12 Tips to help get your toddlers to eat healthier
“You provide the what, where, and when, and your child decides the if and how much.” Dr Mark Hyman
It’s noon and that means naptime for Tommy (my 1.5 year old). And though I’d much rather get some work done, I realize there’s nothing for him to eat when he wakes up. On goes my chef hat rummaging through the fridge to scope out the scene. In the sauce pan goes olive oil and garlic to saute some vegetables….made quickly yet still with love. Now comes dinner time and half of it is on the floor while the other half gets a deep tissue massage from these tiny, yet strong little fingers in the middle of the table. I know all too well what it’s like to have days like this, though I have to admit they’re getting fewer and fewer. It’s definitely taken a lot of time and patience and I’m sure there will be ebbs and flows, but being a yogi I like to live in the moment, and in this moment… we’re not doing so bad. It took lots of research followed by some trial and error, but I’ve developed a solid list of some things to consider when trying to get your toddlers to eat better.
Eat with them whenever you can
Research has shown that children who share meals with their family may be 35% less likely to engage in disordered eating, 24% more likely to eat healthy foods, and 12% less likely to be overweight (Hammons & Fiese 2011). This is especially important as kids get older, but there’s really no reason to wait, even if it’s just for one meal a day. I always make it a point to sit down with Tommy and take a few bites of my own food, or maybe just my cup of morning coffee or smoothie. We turn on his music, and create a fun atmosphere. I realize that schedules don’t always allow for this to happen, just make a mental note, and when the weekend comes around, get in the habit of enjoying more meals as a family. It’s great for everyone!
Be careful of too many snacks
It is often suggested that toddlers and growing children should eat every 2-3 hours. This is broken up into 3 meals per day and 2 snacks, (one am and one pm). Though children need to take in extra calories if they’re in the midst of growth spurts, be careful. First off, “snack-type” foods like cheerios, puffs, crackers, even too much fruit can fill them up and by the time the actual meal time comes around (usually when healthier foods like vegetables are served) they’re not too into it. When kids sit down for dinner, we kinda want them to be hungry, otherwise, it’s “let’s see how far I can fling this green bean across the table.”
I’ve learned that giving Tommy his vegetables after he’s been snacking on bananas and cereal puffs, never goes well. That said, a few healthy snacks through the day are completely fine, just be sure to space them out nicely and go for high quality foods.
Get creative, but keep it simple
I love seeing cute pictures of toddler meals on instagram where the eggs look like ducks and the melon is carved out to look like a princess, and though I appreciate their beauty and creativity, I tend to veer away from going overboard. Firstly, because it’s not realistic for most people to continuously come up with a huge spectacle every time they serve a meal, and on social- media it has the potential to alienate well-intentioned parents who simply don’t have the time to create firework displays every night. For some, it’s difficult enough just to get a hot meal on the table, and if we are stressed out as parents, it will no doubt reflect our children’s eating experience. Secondly, it entices children for the wrong reasons. Though I do believe that seeing food in a different way can get them excited... (I mean it’s absolutely adorable to have a block of cheese that looks like a set of dominos) but is that really getting kids excited about the real food itself? Colorful, fresh food should be enough. Yes, your broccoli can look like trees but it doesn’t need sunglasses and a pair of sandals.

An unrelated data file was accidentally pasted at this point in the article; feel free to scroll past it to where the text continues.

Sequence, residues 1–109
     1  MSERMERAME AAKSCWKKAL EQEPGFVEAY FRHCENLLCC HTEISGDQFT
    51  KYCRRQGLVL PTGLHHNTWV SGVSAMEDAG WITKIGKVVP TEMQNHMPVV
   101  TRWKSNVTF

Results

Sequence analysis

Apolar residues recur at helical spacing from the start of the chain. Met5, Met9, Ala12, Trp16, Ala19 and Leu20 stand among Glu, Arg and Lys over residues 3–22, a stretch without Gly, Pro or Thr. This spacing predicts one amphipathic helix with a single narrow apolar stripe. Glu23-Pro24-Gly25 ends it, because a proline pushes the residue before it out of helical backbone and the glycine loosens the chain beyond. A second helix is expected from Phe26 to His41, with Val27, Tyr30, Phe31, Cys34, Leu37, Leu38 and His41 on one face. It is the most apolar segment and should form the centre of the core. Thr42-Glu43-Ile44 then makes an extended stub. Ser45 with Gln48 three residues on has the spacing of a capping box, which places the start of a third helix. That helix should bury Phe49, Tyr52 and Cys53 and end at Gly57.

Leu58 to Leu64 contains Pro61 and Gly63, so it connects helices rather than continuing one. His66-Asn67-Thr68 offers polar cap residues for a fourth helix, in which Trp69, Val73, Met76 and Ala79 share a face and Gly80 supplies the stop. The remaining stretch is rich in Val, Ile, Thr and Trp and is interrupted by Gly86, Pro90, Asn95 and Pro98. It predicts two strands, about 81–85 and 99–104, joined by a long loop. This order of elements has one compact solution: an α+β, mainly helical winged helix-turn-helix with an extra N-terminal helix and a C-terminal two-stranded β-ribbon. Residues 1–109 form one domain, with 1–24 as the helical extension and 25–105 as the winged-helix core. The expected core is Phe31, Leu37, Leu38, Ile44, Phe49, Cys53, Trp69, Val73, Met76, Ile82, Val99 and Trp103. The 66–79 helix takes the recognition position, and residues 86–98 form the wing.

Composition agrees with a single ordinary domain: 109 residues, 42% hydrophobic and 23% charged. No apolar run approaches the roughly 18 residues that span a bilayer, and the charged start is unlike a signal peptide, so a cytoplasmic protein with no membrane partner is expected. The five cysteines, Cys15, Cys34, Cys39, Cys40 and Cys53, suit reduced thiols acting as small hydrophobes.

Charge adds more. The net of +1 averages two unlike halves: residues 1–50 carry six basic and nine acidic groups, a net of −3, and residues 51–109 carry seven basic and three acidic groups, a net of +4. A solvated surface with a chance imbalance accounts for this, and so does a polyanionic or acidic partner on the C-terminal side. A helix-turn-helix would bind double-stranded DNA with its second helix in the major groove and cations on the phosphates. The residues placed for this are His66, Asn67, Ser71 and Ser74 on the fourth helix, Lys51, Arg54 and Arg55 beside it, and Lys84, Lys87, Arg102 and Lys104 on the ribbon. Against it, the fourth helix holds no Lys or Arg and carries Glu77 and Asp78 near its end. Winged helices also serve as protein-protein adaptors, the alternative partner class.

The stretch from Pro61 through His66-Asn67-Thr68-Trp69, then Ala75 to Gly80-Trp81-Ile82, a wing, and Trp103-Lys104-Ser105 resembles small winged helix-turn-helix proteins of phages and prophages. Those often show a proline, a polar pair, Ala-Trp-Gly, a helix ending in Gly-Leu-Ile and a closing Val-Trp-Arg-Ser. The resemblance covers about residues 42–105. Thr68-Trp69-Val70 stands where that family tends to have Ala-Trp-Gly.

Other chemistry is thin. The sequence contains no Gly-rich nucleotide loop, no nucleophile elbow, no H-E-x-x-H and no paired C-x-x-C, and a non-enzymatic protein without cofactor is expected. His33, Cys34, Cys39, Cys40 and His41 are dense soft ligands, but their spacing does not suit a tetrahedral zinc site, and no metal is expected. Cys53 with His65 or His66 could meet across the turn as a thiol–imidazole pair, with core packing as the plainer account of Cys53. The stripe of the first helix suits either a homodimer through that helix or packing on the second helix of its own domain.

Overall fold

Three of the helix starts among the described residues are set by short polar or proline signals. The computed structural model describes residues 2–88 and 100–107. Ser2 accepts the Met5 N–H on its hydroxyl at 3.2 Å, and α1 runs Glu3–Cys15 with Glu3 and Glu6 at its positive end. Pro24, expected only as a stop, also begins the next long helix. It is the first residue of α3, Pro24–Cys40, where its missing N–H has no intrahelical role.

Sneaking food in is a fine place to begin
In recent years, sneaky additions are becoming a trend and I think it’s a great thing. Yes, we want kids to genuinely love the foods and not feel tricked but consider this... whether they know it or not, their taste buds are getting nuances of flavors, thereby slowly getting used to how they taste. Plus they’re getting the nutrition. Double wammy!
Add veggies to things like scrambled eggs, meat loaf, and smoothies. Though it may seem like you’re flat out tricking them, (which you are), but don't worry, they’ll get more used to the taste soon enough. About 4-5 times a week, Tommy drinks what he knows as his “shake”, which is a powder with a hint of vanilla in it, (so it tastes great mixed with just water) and a TON of vitamins, minerals, and phytochemicals coming from whole foods. His shake is one of his favorite things ever. When he’s old enough I’ll tell him what’s in it and after he gets over the initial shock, I'm sure he'll still love his shake.
Don’t give up
It can get so discouraging when a head gets turned up at a kitchen creation you’ve spent time preparing, or even worse it ends up on the floor! (yes, it will still happen). It’s ok if they’re not feeling it this moment, keep offering it anyway and sooner or later, they’ll begin to tolerate it, then actually begin to enjoy it. I’ve noticed that there are naturally ups and downs. One day they’ll love avocado and the next day, it gets hurled at you from 3 inches away, usually ending up in your eye or your own mouth ironically. It’s normal, especially if they’re sick, teething, or just not feeling themselves. Stay patient, it will get better. There are still days when Tommy is annoyingly picky. At that moment I pull him away from the table and say, “ok maybe later.” But I don’t start pulling out alternatives. What’s for dinner is what’s for dinner and as long as what’s served is reasonable, there should be no problem when they're hungry enough. Stay patient. Here is a good rule of thumb from one of my mentors Dr Mark Hyman. “You provide the what, where, and when, and your child decides the if and how much."